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Decomposing Bodymass Index gaps between Mediterranean countries: A Counterfactual Quantile Regression Analysis

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  • Costa-Font, J
  • Fabbri, D
  • Gil, J

Abstract

Wide cross-country variation in obesity rates have been reported within European Union member states. However, health production determinants for these differences have been largely overlooked in the health economics literature. In this paper we propose a methodology for conducting standardized cross-country comparisons in BMI. The method we adopt is based on the estimation of the marginal density function of BMI in a given country implied by different counterfactual distributions of all the covariates included within a quantile regression framework. We apply our method to the analysis of the variation in BMI distribution in Spain with respect to Italy in the year 2003. Our findings suggest that Spain-to-Italy BMI gaps are largely explained by cross-country variation in the returns to each health input. Therefore, there appear to be differences in the country-specific behavioural responses to the caloric (im)balance.

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Bibliographic Info

Paper provided by HEDG, c/o Department of Economics, University of York in its series Health, Econometrics and Data Group (HEDG) Working Papers with number 08/02.

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Date of creation: Feb 2008
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Handle: RePEc:yor:hectdg:08/02

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Keywords: BMI; country weight gap; quantile regression; counterfactual decomposition; Mediterranean countries; Italy; Spain.;

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References

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  1. Angel López-Nicolás & Jaume García & Pedro J. Hernández, 2001. "How wide is the gap? An investigation of gender wage differences using quantile regression," Empirical Economics, Springer, vol. 26(1), pages 149-167.
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Citations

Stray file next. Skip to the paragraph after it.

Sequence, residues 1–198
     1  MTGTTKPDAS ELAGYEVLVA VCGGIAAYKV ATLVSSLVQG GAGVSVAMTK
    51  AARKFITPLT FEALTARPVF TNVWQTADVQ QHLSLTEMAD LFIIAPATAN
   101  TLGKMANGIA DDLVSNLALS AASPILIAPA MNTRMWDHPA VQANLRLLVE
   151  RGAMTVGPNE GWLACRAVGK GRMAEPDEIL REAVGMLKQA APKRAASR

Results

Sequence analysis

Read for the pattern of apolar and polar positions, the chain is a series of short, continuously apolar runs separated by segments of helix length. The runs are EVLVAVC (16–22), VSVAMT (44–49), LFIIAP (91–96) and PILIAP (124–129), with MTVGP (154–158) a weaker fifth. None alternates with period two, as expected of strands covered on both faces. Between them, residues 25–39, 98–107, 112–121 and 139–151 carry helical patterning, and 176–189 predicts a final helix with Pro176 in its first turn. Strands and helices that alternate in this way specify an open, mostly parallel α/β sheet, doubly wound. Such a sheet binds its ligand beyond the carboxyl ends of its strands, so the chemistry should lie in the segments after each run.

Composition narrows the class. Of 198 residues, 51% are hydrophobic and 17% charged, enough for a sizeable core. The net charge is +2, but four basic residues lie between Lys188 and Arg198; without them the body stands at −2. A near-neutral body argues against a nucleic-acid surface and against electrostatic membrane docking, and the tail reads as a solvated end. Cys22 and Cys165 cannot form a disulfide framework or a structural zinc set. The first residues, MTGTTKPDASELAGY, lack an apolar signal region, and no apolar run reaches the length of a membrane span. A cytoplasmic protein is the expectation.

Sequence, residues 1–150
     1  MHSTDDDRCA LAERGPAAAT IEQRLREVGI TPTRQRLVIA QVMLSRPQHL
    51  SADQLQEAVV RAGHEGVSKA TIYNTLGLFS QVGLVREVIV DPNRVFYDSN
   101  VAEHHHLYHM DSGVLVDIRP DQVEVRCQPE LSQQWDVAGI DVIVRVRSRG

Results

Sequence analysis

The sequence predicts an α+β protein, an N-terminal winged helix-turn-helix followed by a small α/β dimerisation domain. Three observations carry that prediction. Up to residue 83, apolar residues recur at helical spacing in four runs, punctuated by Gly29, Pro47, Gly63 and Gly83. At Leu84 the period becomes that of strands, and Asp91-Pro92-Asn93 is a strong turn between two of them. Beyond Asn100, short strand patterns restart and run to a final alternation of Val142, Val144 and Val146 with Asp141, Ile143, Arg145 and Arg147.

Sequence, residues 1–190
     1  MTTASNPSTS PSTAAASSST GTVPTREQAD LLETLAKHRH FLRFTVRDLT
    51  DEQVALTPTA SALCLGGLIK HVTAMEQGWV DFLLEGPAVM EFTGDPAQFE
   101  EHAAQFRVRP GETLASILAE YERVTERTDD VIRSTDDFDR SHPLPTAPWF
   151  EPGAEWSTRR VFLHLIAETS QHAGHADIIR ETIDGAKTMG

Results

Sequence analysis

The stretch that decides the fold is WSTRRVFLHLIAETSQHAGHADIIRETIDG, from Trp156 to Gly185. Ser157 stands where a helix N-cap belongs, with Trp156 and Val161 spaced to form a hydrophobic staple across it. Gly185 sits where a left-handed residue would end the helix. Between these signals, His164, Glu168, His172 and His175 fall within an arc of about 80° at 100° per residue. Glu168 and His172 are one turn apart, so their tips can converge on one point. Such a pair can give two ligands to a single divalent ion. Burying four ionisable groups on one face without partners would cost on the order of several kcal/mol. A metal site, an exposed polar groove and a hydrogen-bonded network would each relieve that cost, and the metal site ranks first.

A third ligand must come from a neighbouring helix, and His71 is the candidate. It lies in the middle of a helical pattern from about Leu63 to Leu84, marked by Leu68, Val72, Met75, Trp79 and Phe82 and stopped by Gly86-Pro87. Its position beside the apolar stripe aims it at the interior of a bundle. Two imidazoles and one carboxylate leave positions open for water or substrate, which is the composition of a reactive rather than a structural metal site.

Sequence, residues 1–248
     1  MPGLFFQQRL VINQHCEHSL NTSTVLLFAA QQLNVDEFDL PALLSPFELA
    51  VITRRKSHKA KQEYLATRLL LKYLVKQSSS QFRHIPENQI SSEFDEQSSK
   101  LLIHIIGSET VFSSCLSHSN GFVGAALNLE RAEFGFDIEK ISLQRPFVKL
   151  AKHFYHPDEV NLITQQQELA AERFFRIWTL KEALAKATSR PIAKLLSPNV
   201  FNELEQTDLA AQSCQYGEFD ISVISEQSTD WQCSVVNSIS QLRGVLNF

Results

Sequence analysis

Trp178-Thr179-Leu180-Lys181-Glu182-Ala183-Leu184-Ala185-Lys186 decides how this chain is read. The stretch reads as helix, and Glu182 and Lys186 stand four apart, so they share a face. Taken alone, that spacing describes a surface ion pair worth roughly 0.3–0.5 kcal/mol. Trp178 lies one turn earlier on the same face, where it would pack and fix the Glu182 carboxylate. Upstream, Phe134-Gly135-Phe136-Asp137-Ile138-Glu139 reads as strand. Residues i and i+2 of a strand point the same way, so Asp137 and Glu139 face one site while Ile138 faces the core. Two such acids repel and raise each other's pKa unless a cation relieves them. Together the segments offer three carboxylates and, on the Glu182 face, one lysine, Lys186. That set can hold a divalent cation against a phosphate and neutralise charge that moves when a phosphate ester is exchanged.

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Cited by:
  1. Dodd, Mark C., 2014. "Intertemporal discounting as a risk factor for high BMI: Evidence from Australia, 2008," Economics & Human Biology, Elsevier, vol. 12(C), pages 83-97.
  2. repec:ese:iserwp:2010-41 is not listed on IDEAS
  3. Luca Pieroni & Donatella Lanari & Luca Salmasi, 2010. "Food Prices and Overweight Patterns in Italy," EERI Research Paper Series EERI_RP_2010_40, Economics and Econometrics Research Institute (EERI), Brussels.
  4. Etile, Fabrice, 2014. "Education policies and health inequalities: Evidence from changes in the distribution of Body Mass Index in France, 1981–2003," Economics & Human Biology, Elsevier, vol. 13(C), pages 46-65.
  5. Pieroni, Luca & Salmasi, Luca, 2010. "Body weight and socio-economic determinants: quantile estimations from the British Household Panel Survey," MPRA Paper 26434, University Library of Munich, Germany.
  6. Costa-Font, Joan & Hernández-Quevedo, Cristina & Jiménez-Rubio, Dolores, 2014. "Income inequalities in unhealthy life styles in England and Spain," Economics & Human Biology, Elsevier, vol. 13(C), pages 66-75.
  7. Gerdtham, Ulf-G & Lundborg, Petter & Lyttkens, Carl Hampus & Nystedt, Paul, 2012. "Do Socioeconomic Factors Really Explain Income-Related Inequalities in Health? Applying a Twin Design to Standard Decomposition Analysis," Working Papers 2012:21, Lund University, Department of Economics.

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